All Hail Falafel Day
Seeing as today is Falafel Day, in honor of Billo's threat to "destroy Kos" it seems like a good time to reprise one of my favorite Billo posts:
O'Reilly understands that war is hell:
Having survived a combat situation in Argentina during the Falklands War, I know that life-and-death decisions are made in a flash. If that wounded insurgent had a grenade or other explosive device, the entire marine squad and the photographer could be dead right now. In a killing zone, one cannot afford the luxury of knowing what is certain.
As with all literary greats like Mailer, Jones and Heller, O'Reilly has memorialized his scorching experiences in his novel, "Those Who Trespass" a murder mystery set in Argentina during the hell on earth that was the Falklands war:
The policemen were clearly frightened. Their fascist powers were being brazenly challenged. Standing directly in front of the police were nearly ten thousand very angry Argentine citizens screaming curses and revolutionary slogans:
ALa gente unida venceramos!
AMuera la Junta!
GNN News Correspondent Shannon Michaels translated the chant and wrote it into his notebook: "The people, united, will never be defeated! Death to the Junta! Death to the dictator Galtieri!" Shannon and his video crew stood behind the police, five hundred strong crowded together in a massive show of force. Their assignment was to guard the presidential palace, called the Casa Rosada--the Pink House--and to protect President General Leopoldo Galtieri. But the crowd was getting more and more aggressive, pushing toward the large metal gate that provided access to the palatial grounds. Shannon saw that The Plaza de Mayo, the huge square in front of the Casa Rosada, was now filled to capacity. Something very ugly was going to happen, Shannon thought, and happen soon.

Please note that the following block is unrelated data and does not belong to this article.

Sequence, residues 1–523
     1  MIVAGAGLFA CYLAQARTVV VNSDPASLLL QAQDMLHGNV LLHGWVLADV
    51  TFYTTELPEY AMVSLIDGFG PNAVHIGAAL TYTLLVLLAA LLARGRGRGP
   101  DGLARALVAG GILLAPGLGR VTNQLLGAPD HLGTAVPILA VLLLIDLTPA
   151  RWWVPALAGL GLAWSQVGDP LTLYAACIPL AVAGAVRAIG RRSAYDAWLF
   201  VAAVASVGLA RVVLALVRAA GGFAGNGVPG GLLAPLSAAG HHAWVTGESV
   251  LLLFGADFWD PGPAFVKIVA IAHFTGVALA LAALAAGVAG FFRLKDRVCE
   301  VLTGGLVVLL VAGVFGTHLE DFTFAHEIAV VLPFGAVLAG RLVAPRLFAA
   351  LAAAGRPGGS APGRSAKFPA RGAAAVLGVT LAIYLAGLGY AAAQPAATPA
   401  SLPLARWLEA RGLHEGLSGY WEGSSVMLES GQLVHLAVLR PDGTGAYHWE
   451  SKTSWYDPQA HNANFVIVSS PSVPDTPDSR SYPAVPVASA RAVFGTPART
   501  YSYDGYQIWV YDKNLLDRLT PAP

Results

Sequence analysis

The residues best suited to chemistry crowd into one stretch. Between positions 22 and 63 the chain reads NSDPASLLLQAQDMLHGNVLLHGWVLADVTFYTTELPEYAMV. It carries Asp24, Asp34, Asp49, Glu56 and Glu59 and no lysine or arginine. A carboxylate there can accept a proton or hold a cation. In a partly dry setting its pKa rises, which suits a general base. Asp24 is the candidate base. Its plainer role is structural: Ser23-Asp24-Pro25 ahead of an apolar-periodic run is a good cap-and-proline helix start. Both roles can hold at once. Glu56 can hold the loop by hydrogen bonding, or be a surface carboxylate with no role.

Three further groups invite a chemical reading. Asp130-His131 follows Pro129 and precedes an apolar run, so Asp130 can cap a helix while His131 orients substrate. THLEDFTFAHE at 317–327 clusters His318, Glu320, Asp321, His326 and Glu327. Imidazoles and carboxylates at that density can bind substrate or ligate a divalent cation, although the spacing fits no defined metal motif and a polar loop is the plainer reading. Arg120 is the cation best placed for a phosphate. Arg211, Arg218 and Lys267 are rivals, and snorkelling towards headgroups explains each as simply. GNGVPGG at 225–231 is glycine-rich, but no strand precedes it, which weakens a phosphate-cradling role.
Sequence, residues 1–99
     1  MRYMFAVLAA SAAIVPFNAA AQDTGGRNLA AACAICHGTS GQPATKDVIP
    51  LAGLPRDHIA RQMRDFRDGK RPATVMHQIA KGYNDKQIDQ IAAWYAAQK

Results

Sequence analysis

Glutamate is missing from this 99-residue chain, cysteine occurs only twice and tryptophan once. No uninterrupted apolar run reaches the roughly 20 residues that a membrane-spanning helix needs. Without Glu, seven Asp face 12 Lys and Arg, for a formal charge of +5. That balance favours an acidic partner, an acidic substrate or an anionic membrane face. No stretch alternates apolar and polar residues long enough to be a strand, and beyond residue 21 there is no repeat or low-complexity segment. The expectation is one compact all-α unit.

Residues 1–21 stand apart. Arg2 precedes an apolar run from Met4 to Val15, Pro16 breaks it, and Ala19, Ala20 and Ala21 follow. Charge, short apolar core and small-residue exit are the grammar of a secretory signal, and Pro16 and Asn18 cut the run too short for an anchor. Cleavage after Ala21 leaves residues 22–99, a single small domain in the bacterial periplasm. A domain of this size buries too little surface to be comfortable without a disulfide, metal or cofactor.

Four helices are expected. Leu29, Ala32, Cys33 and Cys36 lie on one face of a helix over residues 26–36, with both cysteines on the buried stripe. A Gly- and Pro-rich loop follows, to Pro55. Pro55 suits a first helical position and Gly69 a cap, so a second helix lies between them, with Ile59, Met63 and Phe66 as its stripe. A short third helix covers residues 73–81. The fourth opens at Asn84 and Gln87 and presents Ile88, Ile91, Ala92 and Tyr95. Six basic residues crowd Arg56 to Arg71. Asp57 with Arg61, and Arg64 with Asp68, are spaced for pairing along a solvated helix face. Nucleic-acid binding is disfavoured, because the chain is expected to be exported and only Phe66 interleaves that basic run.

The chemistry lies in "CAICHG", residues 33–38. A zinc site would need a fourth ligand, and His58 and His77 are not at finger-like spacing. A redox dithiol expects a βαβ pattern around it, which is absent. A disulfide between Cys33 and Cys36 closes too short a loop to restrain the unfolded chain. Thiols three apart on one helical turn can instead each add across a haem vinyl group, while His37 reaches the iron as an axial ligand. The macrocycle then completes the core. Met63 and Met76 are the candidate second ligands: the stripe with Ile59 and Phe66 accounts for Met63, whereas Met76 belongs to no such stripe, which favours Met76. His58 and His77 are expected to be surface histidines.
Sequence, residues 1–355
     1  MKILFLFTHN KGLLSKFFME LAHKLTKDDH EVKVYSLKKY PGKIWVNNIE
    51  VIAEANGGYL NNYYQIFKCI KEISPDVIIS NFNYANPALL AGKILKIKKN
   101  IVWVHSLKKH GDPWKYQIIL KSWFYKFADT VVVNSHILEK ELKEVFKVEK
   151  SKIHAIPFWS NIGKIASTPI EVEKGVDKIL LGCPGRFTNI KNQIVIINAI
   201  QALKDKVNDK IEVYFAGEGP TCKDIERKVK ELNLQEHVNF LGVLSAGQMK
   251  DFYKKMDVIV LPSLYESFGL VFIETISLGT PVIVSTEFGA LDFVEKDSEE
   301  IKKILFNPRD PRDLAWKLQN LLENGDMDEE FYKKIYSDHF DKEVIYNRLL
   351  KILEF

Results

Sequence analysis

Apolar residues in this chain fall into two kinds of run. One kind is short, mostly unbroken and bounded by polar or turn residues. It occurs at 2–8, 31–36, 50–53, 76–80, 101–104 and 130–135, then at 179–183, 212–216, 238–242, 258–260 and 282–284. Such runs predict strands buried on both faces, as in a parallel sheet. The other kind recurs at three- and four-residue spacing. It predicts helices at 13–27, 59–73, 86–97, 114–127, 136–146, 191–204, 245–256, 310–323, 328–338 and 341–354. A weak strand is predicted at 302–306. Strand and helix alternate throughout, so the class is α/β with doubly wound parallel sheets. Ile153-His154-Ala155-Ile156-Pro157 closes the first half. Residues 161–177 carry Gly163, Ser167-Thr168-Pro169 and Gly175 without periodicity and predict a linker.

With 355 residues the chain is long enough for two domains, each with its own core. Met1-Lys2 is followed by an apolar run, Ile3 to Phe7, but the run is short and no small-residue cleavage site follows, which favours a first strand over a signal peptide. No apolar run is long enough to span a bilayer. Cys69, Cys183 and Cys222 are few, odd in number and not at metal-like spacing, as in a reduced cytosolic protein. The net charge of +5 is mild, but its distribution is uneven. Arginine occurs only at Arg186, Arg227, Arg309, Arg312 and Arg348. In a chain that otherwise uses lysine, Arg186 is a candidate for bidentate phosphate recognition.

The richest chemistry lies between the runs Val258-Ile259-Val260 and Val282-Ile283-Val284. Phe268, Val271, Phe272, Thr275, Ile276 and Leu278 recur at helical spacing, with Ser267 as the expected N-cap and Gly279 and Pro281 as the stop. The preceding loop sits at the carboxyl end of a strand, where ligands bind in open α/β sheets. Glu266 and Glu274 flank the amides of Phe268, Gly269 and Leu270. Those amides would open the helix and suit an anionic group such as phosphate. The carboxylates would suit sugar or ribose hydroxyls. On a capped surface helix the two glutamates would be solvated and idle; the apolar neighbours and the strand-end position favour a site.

The sky was clear, but clouds were assembling in the west. Shannon ran his fingers through his thick mane of wavy brown hair. His teal blue eyes were locked on the agitated crowd. It was his eyes that most people noticed first--a very unusual color that some thought materialized from a contact lens case. But Shannon, the product of two Celtic parents, didn't go in for cosmetic enhancements. His 6' 4 frame was well toned by constant athletics, and his pale white skin was flawless--another genetic gift. Shannon's looks, which he thoroughly capitalized on, made him a natural for television.
As the mob continued its boisterous serenade, Shannon slowly shook his head. Most wars were foolish, he thought, but this one was unusually idiotic. The Argentine Junta, a group of military thugs led by General Galtieri, had ordered an invasion of the British-administered Falkland Islands on April Fool's Day, 1982. The government claim was that the islands, which the Argentines called the Malvinas, became a part of Argentina through a Papal declaration in 1493. The British disagreed. So, nearly five hundred years after the grant of land, the Argentine Army swarmed ashore, startling eighteen hundred British subjects and tens of thousands of bewildered sheep.
During his seven-year career as a TV news correspondent, Michaels had seen rank stupidity, but this moronic government strategy boggled the mind. Anyone who read a newspaper knew that the British Parliament, and especially Prime Minister Margaret Thatcher, would never allow British honor to be besmirched. It took the Brits just three months to thoroughly humiliate the Junta, further angering the Argentine citizenry. No wonder they were now filling the streets in passionate demonstration against the Galtieri government.
Sends chills down your spine, doesn't it? Has anyone matched this kind of searing prose in the Falklands chronicles? I don't want to ruin the story by revealing the fiery hell that our blue eyed Celtic hero had to endure. Let's just say that that marine in Falluja won't know what hell is until he's had to film a news story with his flawless white skin covered in dust and dirt. It just makes you sick to even think about it.